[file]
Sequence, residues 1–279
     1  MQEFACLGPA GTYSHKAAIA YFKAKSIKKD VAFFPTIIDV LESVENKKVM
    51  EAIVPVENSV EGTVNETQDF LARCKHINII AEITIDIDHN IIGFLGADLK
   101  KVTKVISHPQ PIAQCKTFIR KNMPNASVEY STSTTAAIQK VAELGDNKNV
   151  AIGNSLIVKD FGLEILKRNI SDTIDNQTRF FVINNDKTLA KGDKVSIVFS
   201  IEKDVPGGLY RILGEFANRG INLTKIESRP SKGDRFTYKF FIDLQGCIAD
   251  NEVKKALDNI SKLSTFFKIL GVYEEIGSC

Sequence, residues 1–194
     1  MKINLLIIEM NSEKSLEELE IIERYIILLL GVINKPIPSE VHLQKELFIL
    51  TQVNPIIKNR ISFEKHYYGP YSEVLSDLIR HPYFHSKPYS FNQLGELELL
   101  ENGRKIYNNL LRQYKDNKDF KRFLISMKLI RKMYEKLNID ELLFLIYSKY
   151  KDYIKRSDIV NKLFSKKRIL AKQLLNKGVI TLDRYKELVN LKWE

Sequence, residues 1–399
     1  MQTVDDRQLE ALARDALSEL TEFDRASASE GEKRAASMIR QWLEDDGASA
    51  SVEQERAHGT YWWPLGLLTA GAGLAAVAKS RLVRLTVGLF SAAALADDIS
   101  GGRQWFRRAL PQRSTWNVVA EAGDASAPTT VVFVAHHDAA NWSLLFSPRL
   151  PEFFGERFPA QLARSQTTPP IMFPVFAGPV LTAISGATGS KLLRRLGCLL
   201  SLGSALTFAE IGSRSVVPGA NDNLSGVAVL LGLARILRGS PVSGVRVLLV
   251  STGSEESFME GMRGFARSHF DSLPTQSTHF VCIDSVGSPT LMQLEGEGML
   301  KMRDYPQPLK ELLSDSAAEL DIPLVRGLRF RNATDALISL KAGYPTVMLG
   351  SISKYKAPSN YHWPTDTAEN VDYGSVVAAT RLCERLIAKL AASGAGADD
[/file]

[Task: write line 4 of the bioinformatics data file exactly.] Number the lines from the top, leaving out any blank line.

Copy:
   101  KVTKVISHPQ PIAQCKTFIR KNMPNASVEY STSTTAAIQK VAELGDNKNV